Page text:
Offense warning signs abound during road tripBy
The Yankees were flat-out dominated by Rays right-hander Alex Cobb last night, who held them to three singles and a walk in 8.1 scoreless innings. The loss capped off six-game road trip that saw the Yankees score five total runs with one extra-base hit in the final three games. Stuff like that happens, every team will have a few ugly series throughout the year, but the road trip as a whole featured some warning signs on the offensive side of the ball. Not full blown reasons to panic, but cracks in the dam.
The Schedule Isn’t So Favorable Anymore
After facing Jon Lester on Opening Day, the Yankees saw nine right-handed starters in the next nine games. It would have been eleven righty starters in eleven games had the two games against the Indians not be rained out. That was a pretty awesome coincidence because it allowed the team to trot out its very best lineup day after day for close to two weeks. It was a very nice early season routine.
Since that stretch of nine straight games with right-handed opposing starter, the Yankees have seen six left-handed starters in their last ten games. They’re scheduled to see two more lefties during the upcoming four-game series against the Blue Jays, then after that they will see the Astros (one lefty starter in the rotation), the Athletics (two lefties), and Rockies (two lefties). Those nine straight games against a righty was an anomaly, the product of some fortunate roster building (by the other teams) and scheduling. The Yankees don’t hit southpaws at all and they’re going to start seeing them a lot more regularly in the coming weeks.
Early Overachievers Coming Back To Earth
The Yankees have one of, if not the best pro scouting department in baseball. They constantly unearth productive players from the scrap heap, particularly when it comes to veteran retreads. This year they’ve struck gold with Hafner (192 wRC+) and especially Vernon Wells (156 wRC+), the latter of whom has resurrected his career after two amazingly awful seasons with the Angels. His production so far is like, 95th percentile stuff. He’s exceed expectations that much.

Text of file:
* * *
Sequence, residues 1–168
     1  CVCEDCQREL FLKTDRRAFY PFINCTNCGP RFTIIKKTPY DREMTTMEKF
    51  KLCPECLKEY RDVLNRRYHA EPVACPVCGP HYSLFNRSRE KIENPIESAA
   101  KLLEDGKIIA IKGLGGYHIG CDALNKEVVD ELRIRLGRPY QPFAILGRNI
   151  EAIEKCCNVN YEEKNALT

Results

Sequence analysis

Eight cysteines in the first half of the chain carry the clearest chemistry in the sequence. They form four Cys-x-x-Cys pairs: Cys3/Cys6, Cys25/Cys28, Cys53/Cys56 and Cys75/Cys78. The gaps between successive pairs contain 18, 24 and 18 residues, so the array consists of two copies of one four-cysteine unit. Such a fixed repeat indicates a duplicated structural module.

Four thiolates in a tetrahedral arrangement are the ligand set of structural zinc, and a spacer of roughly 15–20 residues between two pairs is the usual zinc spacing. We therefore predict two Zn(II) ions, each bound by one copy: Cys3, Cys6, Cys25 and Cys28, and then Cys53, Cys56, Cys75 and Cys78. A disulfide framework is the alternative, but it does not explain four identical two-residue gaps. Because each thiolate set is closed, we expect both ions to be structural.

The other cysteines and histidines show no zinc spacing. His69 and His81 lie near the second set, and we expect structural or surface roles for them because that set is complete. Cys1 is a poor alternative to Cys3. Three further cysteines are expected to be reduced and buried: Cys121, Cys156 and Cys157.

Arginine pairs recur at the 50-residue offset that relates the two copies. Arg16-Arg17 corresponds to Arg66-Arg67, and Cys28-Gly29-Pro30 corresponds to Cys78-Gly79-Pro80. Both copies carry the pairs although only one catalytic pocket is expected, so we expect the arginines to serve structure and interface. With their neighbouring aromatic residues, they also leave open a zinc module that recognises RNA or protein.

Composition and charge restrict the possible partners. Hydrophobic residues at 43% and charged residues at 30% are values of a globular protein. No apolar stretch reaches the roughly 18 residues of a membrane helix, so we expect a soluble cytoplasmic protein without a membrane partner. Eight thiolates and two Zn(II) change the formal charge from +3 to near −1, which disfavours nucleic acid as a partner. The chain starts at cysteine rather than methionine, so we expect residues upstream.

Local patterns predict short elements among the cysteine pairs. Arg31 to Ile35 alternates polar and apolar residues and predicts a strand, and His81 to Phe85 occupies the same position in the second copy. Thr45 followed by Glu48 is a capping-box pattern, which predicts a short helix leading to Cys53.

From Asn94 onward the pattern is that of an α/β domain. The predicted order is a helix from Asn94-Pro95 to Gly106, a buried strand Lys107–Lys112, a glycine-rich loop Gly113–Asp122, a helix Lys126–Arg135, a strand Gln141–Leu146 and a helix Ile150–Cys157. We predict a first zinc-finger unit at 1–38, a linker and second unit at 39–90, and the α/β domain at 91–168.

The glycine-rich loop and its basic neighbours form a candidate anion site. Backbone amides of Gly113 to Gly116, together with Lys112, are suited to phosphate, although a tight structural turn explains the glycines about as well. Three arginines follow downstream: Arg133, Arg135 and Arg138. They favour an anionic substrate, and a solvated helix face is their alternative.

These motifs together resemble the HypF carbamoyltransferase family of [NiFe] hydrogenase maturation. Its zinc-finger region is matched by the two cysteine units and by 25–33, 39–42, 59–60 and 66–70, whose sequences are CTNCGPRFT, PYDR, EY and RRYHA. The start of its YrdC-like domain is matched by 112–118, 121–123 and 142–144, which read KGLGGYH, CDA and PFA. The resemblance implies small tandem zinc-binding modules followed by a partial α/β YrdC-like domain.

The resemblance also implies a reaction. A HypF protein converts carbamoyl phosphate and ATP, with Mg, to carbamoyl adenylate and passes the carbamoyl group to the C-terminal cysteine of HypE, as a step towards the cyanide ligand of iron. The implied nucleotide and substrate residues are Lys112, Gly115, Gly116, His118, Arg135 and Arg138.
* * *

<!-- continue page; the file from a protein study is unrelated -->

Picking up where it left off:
As great as two have been, it’s unreasonable to expect them to hit like that in the long-term. You could count the number of true-talent 150+ wRC+ guys in the league on one hand, and those two don’t belong to that club. That isn’t to say they’ll hit Quad-A players going forward, but there will be some performance decline. It’s inevitable. Frankie Cervelli (129 wRC+) belongs in that mix as well, though I don’t think Kevin Youkilis (119 wRC+) is playing way over his head. It’s tough to count on Hafner, Wells, and Cervelli continuing what they’ve done during the first 20 team games.
The Underachievers Aren’t All that Great
Regression to the mean works two ways — while guys like the three I just mentioned cool off and return to Earth, the guys who are underperforming will heat up to replace some of that lost production. The only problem is that the guys who are underachieving so far just aren’t all that good to begin win.
Ichiro Suzuki (49 wRC+) was a sub-90 wRC+ guy in his last 1,400 plate appearances or so coming into 2013. Eduardo Nunez (35 wRC+) came into the year with a career 88 wRC+ in parts of three seasons. Jayson Nix (51 wRC+) … Ben Francisco (-25 wRC+) … Lyle Overbay (75 wRC+) … those guys haven’t been productive offensive players for years now. Maybe one or two of them will get super duper hot and replace whatever the Yankees lose from Wells & Co., but we’re not talking about offensive dynamos having a few bad weeks here. They’re poor hitters hitting poorly.
The Calvary Is Coming … But Who Knows What To Expect
If things go according to plan, Curtis Granderson (forearm) will return to the lineup in mid-May, Mark Teixeira (wrist) will return in late-May, Derek Jeter (ankle) will return right after the All-Star break, and Alex Rodriguez (hip) will return shortly after that. Those are four pretty significant bats the team could be welcoming back to the lineup in the coming weeks, but there’s no way of knowing how they will perform once they return.
Wrist injuries are known to both linger and sap power, so Teixeira is very much a question mark. Maybe he’ll be fully healed, maybe he’ll struggle to put together quality swings. A-Rod now has two bad hips and who knows what that means going forward — will he be able to use his lower half in his swing? Jeter’s ankle is a concern because he’s already suffered one significant setback, plus he’s a 38-year-old shortstop who needs to be able to make quick side-to-side movements. Players like Jason Kendall and Stephen Drew have suffered significant ankle breaks in the not-too-distant past and it took both guys weeks before finding balance at the plate and returning to their previous levels of production. It’s great these guys are coming, but we won’t know how much they can contribute until they actually get out on the field and back in the lineup. Don’t get me wrong, I’d rather have them than not have them, but I don’t think they should be counted on as offense saviors. There are just too many unknowns.